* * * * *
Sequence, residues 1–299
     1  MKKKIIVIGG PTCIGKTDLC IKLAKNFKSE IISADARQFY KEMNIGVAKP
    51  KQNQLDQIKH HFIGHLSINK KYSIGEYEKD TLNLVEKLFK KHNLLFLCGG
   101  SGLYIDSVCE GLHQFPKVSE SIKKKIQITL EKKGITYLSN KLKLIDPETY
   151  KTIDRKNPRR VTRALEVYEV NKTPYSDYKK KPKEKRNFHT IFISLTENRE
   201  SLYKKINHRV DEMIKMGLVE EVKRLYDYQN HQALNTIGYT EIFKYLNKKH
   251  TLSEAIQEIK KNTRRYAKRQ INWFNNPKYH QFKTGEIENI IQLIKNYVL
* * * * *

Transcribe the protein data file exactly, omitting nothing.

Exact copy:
Sequence, residues 1–299
     1  MKKKIIVIGG PTCIGKTDLC IKLAKNFKSE IISADARQFY KEMNIGVAKP
    51  KQNQLDQIKH HFIGHLSINK KYSIGEYEKD TLNLVEKLFK KHNLLFLCGG
   101  SGLYIDSVCE GLHQFPKVSE SIKKKIQITL EKKGITYLSN KLKLIDPETY
   151  KTIDRKNPRR VTRALEVYEV NKTPYSDYKK KPKEKRNFHT IFISLTENRE
   201  SLYKKINHRV DEMIKMGLVE EVKRLYDYQN HQALNTIGYT EIFKYLNKKH
   251  TLSEAIQEIK KNTRRYAKRQ INWFNNPKYH QFKTGEIENI IQLIKNYVL